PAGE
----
If your medical needs require more than what you can pack, speak with your doctor in advance as foreign prescriptions are no good in Japan.

Drugs You Can't Bring To Japan

Ok so I laid out the steps it takes to get legal medication into Japan. But what drugs will definitely land you in jail that you can’t get approved by a certificate?

Japan has a large list of drugs that are flat out banned. Most are common sense like hard drugs, but there are a few common ones that are legal and openly available in the United States that aren’t here in Japan. Let’s start up the latter again and work our way down.

Over-The-Counter Drugs

Be aware that some OTCs openly available in your home country could be prohibited and illegal in Japan. The following are prohibited:

  • Medication that contains pseudoephedrine, found in commonly in sinus relief and stimulants like Actifed, Sudafed, and Vicks.
  • Medication containing Codeine.

Prescription Drugs

Although some of these drugs are becoming more acceptable in other countries, they definitely are not in Japan.

  • Medication that contains opium or cannabis.
  • Medication that contains amphetamines, methamphetamines.
  • Prescriptions that involve adderall, vyvanse, dexedrine, prozac, and viagra.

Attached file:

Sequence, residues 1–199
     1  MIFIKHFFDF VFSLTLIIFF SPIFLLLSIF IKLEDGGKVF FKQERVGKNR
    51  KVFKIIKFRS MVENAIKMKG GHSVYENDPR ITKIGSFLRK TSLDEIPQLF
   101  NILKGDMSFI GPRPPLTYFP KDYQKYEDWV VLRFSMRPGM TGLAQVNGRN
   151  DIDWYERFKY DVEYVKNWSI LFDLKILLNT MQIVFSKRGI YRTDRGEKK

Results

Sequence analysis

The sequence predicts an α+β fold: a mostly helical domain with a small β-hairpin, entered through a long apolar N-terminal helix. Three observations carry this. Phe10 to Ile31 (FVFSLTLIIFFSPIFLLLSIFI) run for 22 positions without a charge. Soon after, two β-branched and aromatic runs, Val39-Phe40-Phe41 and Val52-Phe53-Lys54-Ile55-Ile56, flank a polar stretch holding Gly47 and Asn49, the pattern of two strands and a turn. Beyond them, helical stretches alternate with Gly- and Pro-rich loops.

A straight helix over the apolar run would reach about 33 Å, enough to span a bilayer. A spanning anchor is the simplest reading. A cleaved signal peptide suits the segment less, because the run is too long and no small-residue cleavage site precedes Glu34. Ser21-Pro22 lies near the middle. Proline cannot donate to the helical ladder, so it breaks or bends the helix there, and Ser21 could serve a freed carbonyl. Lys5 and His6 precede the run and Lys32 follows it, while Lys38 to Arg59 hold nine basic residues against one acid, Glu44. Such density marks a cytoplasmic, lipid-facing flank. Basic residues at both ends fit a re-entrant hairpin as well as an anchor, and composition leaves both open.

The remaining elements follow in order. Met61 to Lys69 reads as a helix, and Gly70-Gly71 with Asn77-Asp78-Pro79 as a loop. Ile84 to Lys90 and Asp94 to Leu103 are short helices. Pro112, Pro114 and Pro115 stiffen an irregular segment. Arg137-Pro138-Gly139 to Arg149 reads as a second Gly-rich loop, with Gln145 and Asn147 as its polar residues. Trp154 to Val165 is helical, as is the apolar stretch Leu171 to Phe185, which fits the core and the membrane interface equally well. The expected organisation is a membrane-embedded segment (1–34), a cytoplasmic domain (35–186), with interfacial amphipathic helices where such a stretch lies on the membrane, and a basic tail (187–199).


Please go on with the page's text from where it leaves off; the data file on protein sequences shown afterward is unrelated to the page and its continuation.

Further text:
All of these will lead to an arrest at the airport with charges ranging up to drug smuggling, regardless of a doctor’s note or a Yakkan Shoumei.

In addition to everything mentioned above, I’ve prepared a list for all the additional pharmaceutical ingredients that are prohibited without the direct consent of a doctor.

What is made illegal is up to the Japanese government under the Ministry of Health, and is subject to change. For updated information, I recommend checking their website and emailing them with questions here.

Available Medicine in Japan

Another great option you have at your disposal is Japan’s many great and well-stocked drug stores and pharmacies. If you aren’t on a budget, I recommend saving yourself a headache by keeping your medicine at home. Instead, get your medicine in Japan. Now, you won’t find anything besides OTCs in drugstores, but if you are sick or in the process of getting sick, do hit up one of these places.